27. Gervinho: For me a decent first season. After a Premier League baptism of fire (I’m pretty sure he’d never faced a player like Joey Barton before) he was playing well, there was a period where he couldn’t stop finding RvP in the box. Went off the boil a little bit but the killer was the African Nations Cup – that missed penalty shot down his confidence and he never equaled his early season form after that. The only attacking player at the club who almost appeared to travelling backwards when he was bringing the ball forward, he seemed afraid to shoot at crucial moments. Some of our greatest players have had worse first-seasons and a great start is no guarantee of a fruitful Arsenal career (see below) but if he can recapture his early form and eradicate his bashfulness in front of goal he will be an asset. Stay

29. Marouane Chamakh: The 2011-12 season not being a terribly good one for Chamakh would be an understatement. In fairness opportunities to start have not been plentiful such was the extraordinary form of Robin van Persie. However, he was on the bench a lot and when Arsene did send him on, there was always something lacking. Towards the end of the season it certainly wasn’t effort, preferring to help out in midfield when he could see he wasn’t being effective up front. Some people forget that when RvP was injured early in 2010-11 Chamakh lead the line very well, and I had hoped this was on it’s way back after the consolation goal in 4-3 defeat at Blackburn. Sadly I feel that, like Arshavin, he needs a change of scenery. Go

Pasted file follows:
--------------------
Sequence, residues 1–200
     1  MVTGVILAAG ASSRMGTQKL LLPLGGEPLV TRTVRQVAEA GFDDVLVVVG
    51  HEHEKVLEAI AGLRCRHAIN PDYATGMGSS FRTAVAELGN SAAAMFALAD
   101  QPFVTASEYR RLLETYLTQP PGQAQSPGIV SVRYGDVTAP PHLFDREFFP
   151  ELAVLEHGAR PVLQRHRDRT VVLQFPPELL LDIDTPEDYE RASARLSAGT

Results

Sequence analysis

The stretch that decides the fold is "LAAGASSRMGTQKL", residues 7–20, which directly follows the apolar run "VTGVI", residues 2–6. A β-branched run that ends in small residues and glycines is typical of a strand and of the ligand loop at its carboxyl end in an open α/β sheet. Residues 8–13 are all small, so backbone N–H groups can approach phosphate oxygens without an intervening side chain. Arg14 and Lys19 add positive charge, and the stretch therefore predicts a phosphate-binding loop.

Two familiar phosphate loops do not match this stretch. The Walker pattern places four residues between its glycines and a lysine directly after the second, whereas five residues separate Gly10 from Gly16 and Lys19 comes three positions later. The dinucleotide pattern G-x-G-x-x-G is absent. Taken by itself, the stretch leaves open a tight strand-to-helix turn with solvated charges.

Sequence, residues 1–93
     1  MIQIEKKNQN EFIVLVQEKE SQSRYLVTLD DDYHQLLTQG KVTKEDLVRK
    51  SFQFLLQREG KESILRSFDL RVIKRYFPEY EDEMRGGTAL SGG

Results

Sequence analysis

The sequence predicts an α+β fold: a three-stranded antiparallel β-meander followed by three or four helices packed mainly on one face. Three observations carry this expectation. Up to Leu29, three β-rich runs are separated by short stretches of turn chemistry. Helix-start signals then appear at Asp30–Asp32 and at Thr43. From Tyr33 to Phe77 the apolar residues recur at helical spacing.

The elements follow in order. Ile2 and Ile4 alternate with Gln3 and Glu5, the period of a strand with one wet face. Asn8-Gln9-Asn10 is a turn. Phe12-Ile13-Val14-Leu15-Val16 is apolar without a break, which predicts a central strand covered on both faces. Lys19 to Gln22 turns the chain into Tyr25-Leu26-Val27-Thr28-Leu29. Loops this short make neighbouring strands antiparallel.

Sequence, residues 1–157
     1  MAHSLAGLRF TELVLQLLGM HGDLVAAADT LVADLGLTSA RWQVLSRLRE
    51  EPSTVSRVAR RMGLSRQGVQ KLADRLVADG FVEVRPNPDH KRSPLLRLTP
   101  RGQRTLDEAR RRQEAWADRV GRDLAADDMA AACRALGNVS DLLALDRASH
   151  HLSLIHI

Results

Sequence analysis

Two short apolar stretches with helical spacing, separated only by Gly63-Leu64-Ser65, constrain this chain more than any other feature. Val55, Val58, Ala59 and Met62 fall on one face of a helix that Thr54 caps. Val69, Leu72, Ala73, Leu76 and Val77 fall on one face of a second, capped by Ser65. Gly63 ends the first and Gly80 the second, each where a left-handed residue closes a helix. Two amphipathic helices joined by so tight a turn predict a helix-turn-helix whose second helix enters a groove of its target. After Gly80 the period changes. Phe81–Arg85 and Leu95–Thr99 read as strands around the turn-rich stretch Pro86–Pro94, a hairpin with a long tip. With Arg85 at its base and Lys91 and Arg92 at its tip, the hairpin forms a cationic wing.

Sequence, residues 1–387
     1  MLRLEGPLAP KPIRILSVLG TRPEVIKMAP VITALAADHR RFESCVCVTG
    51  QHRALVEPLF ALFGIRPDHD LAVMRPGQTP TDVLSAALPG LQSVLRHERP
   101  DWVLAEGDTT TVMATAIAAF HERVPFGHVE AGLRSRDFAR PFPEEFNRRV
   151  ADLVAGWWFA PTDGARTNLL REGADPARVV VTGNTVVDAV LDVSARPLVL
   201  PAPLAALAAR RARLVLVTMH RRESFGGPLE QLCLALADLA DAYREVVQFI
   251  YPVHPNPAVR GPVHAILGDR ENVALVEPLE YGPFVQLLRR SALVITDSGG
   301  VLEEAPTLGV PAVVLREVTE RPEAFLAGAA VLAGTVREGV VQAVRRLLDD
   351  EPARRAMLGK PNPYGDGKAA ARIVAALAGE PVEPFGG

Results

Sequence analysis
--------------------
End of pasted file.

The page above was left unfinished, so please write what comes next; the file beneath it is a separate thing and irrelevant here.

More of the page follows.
12. Thierry Henry: Even though it was a very brief loan period I’ve added him in to end on a high note, such was his impact. Despite the apprehension in some quarters as to whether or not it was a good idea to come back he proved to be the decisive element in two matches and topped off the 7-1 against Blackburn (although that has since been awarded to Scott Dann – bet he’s pleased about that). His winning goals produced fantastic moments of euphoria, the returning king’s goals-to-games ratio put the then-misfiring Fernando Torres to shame. His excellent start to the MLS season was the product of a great ‘pre-season’ at the Emirates. In fact, he was so good my Henry DVD is now missing some great goals!

That’s it for my look at the squad, probably lots to agree/disagree with there. From an attacking point of view it looks like some of my suggestions can come to fruition with the arrivals of Lukas Podolski and Olivier Giroud. Generally speaking though, I don’t think an awful lot needs to change. A few new players, clearing of the deadwood and a continuation of that winning mentality from the 5-2 onwards and I feel we can certainly push on next season.